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Everlasting Meals?

(post, Barbara Brand)

I was intrigued by Tamara Adler's concept in An Everlasting Meal.   In brief, she advises buying the best-looking produce and other ingredients before deciding what to do with them.  On your return home, you precook and store everything.  I roasted a variety of winter root vegetables; celeriac, turnips, carrots sweet potatoes, etc.  together.  They were fine shortly afterward but not very appealing the next day.  The less colorful vegetables turned an un-appetizing gray which came through even in a soup.  I also precooked two bunches of kale in a large quantity of water as she recommends.  Dealing with a large pot of water, in itself, is a challenge.  It takes a considerable amount of time to come to a boil and after cooking the pot must stay on the stove until it cools to avoid scalding the cook.   The kale was fine the following day, but when I tried the remainder after four days in the refrigerator, it was decidedly funky.  I also pot-roasted beef chuck.  When I reheated the meat the sauce was delicious but the meat was stringy.  The standouts were roasted beets and bell peppers.  The beets were delicious in a salad and later in a soup.  Roasted bell peppers also lasted for several days. I added them to several dishes.  I cored and flattened the peppers before roasting them at high heat on a sheet of foil.  When the skins blackened I removed them and enclosed them in the foil.  Once cool, the skins were easy to remove.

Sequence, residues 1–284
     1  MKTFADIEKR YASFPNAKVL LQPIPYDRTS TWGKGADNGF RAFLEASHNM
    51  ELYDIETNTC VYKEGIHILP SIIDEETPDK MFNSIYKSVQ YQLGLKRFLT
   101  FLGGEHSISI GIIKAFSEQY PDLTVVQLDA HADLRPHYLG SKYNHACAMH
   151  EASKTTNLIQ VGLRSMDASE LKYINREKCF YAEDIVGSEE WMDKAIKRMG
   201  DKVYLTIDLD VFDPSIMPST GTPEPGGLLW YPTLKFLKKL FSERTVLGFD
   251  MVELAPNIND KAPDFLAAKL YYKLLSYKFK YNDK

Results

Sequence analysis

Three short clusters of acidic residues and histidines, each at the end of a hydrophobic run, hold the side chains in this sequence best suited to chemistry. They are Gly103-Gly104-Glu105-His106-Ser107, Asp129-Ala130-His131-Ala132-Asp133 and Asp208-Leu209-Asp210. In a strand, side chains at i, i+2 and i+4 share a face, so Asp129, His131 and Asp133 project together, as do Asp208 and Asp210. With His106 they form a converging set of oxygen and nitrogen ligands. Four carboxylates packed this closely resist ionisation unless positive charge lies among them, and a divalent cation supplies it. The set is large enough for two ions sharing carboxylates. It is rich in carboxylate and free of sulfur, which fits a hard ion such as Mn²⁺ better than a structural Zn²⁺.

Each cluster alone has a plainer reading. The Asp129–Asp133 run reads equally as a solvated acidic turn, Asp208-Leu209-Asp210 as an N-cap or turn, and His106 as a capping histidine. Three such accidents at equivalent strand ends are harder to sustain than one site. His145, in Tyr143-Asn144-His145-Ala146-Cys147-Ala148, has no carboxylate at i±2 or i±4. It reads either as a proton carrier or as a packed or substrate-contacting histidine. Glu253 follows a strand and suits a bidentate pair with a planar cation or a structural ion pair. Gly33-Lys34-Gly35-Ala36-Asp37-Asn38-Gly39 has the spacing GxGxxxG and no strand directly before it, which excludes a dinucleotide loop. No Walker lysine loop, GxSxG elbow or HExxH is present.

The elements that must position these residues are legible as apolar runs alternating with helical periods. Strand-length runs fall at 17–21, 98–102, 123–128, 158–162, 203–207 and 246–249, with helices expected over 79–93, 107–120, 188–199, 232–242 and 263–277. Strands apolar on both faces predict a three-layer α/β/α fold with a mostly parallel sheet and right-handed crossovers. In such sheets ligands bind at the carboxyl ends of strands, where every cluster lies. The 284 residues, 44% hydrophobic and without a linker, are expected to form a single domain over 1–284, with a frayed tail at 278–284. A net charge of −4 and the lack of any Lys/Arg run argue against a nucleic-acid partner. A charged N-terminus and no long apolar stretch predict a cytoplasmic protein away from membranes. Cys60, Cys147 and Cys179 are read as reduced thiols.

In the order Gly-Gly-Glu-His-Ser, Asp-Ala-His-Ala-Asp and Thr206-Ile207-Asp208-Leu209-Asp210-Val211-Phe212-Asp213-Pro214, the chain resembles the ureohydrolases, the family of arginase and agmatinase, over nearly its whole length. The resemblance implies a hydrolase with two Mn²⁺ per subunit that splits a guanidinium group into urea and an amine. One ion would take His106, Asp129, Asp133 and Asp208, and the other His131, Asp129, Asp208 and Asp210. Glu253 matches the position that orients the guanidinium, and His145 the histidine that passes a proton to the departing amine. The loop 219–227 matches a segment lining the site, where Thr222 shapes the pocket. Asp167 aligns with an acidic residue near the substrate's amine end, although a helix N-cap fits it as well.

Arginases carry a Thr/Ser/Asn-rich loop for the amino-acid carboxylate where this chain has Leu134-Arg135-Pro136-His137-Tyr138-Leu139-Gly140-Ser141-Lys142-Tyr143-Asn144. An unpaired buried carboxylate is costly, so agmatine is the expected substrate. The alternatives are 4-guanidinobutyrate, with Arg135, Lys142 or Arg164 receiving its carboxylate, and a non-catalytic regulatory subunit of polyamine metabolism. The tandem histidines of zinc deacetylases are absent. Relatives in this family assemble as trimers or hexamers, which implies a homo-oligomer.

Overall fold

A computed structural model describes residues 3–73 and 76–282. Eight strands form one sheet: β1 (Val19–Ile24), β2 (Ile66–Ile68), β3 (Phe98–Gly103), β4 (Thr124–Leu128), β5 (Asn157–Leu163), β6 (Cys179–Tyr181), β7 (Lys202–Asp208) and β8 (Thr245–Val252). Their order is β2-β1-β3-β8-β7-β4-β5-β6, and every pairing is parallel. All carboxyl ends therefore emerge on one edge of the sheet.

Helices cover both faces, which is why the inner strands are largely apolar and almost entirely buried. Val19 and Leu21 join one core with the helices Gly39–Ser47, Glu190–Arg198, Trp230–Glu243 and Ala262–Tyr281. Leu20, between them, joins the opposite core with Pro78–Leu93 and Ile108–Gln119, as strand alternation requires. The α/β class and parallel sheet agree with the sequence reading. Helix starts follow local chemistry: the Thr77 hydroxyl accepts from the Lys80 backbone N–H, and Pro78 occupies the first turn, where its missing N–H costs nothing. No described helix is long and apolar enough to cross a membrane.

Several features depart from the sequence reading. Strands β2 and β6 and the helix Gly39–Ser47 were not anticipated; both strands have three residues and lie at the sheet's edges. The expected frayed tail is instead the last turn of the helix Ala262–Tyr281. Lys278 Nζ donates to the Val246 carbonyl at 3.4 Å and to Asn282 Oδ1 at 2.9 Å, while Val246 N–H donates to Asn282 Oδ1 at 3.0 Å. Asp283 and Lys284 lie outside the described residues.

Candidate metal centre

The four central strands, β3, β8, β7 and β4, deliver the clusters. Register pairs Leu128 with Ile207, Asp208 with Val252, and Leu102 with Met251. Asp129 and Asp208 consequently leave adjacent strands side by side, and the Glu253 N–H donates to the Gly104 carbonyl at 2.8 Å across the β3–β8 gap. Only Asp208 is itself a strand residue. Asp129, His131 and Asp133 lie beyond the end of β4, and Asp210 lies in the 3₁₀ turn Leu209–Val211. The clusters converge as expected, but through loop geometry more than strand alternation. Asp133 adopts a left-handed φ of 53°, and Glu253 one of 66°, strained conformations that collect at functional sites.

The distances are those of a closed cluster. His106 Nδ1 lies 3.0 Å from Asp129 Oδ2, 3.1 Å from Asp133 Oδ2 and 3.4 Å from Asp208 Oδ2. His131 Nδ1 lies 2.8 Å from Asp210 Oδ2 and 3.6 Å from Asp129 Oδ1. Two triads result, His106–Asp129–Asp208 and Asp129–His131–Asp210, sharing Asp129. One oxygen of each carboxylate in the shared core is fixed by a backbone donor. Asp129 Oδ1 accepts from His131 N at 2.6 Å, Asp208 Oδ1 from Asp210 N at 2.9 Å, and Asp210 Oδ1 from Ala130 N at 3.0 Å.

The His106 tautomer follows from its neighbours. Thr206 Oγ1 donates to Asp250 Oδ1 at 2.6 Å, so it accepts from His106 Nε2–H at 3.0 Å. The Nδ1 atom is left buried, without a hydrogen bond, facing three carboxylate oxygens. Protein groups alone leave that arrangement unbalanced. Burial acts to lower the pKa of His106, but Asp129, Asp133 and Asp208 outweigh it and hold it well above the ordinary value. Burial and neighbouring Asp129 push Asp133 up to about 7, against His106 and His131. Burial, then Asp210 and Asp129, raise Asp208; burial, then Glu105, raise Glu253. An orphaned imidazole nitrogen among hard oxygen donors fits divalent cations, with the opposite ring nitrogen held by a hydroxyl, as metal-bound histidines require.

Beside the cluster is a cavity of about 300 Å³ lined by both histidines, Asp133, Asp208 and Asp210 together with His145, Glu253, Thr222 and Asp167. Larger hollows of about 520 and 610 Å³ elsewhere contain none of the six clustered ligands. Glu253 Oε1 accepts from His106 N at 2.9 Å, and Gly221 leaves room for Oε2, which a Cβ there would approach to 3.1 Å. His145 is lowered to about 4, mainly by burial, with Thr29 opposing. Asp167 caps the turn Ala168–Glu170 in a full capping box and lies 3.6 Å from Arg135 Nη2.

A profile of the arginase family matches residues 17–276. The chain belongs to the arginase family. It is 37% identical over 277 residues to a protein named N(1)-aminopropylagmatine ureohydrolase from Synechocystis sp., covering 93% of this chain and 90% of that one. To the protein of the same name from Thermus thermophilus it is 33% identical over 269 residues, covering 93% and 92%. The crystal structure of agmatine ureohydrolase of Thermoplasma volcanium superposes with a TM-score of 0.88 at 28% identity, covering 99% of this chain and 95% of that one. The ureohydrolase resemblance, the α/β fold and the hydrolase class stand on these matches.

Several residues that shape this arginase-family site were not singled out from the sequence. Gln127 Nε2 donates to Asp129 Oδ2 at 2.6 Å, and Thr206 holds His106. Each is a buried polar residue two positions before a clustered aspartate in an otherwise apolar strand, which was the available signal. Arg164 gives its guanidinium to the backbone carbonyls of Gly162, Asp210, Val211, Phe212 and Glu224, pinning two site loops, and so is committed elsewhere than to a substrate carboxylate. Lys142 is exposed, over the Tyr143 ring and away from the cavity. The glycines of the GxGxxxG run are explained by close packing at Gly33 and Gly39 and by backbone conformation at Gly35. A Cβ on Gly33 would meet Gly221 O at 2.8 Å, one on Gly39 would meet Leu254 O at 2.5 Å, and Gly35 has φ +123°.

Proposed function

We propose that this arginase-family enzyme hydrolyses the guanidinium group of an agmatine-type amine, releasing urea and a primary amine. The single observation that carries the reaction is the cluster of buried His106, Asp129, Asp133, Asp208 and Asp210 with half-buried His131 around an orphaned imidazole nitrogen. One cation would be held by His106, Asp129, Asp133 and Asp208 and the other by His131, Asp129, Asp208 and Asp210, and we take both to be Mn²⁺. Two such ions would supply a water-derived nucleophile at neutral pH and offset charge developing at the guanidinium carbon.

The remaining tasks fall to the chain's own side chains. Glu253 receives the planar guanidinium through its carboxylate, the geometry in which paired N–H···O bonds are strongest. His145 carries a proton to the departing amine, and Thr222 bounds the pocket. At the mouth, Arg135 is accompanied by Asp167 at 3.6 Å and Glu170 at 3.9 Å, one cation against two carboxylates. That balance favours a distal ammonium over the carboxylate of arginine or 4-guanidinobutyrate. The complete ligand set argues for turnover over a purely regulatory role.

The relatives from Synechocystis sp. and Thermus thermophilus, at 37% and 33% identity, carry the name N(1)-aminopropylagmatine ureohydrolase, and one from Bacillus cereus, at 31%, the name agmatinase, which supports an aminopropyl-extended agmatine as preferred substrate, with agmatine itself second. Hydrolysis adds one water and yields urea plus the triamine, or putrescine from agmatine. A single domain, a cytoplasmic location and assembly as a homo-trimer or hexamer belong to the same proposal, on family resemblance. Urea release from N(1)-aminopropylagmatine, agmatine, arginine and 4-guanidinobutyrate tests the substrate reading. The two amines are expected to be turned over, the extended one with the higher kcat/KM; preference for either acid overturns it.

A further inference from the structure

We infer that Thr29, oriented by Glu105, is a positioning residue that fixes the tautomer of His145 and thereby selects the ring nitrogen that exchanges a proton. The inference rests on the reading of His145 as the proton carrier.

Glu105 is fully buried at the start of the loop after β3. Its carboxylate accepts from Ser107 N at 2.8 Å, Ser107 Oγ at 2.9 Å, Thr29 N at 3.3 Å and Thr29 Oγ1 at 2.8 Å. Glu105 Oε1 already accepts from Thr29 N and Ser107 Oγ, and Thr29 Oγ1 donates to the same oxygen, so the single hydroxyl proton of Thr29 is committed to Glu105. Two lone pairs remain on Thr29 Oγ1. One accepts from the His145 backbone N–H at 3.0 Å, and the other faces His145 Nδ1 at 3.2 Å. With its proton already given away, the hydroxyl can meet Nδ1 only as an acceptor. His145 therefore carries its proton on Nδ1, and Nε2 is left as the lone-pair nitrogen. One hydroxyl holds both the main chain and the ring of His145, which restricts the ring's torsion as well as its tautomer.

I'm still intrigued with the idea of pre-cooking ingredients and recombining them.  I tried a very simple recipe from Marian Morash's Victory Garden Cookbook (1982)

Baked Peppers, Potatoes, and Onions

1 - 1 1/2 lb green and red peppers
1 lb potatoes (I used unpeeled small potatoes)
1 large sweet onion
1/4 cup olive oil (high quality olive oil is extremely important)
salt and freshly ground pepper

Cut vegetables into 1 inch chunks, pour over the oil, sprinkle with salt and pepper.  Bake ina preheated 425 degree oven for about 30 minutes or until the potatoes are done.

This is incredibly delicious by itself or with sausages or chicken pieces baked on top.  It is easily re-useable because of the lack of seasoning.  Reheated it is acceptable but not as wonderful.

Yesterday I finished Cathy Erway's The Art of Eating In.  While the book is mainly about her blogging experience she includes the following recipe, from a chapter on foraging, which turned out to be the perfect way of reusing the leftovers of the recipe above.

Baked Potato Salad with Beet Greens and Stems, Wild Garlic, Chives, and Hedge Mustard

6 medium waxy potatoes in 1 inch chunks
4 T. extra-virgin olive oil
salt and pepper to taste
Pinch of cayenne (optional)
Greens and stems from 1 bunch of beets
2 t. finely chopped wild garlic bulbs
1 t. finely chopped hedge mustard flowers
1 T balsamic vinegar
1 T finely chopped wild chives
1 stalk celery, finely chopped

Roast potatoes coated with 2 T of the oil and seasoned with salt, pepper, and cayenne in a 375 degree oven. Saute beet greens and stems in a Tablespoon of oil.  Toss in wild garlic and hedge mustard.  Combine the remaing T of olive oil with the vinegar and wild chives. Combine ingredients.  Can be served warm or at room temperature.

I had not been foraging so I used the braising greens I had on hand and made a vinaigrette with mustard and regular garlic.  The resulting salad was just as delicious as the original dish.  I just finished it.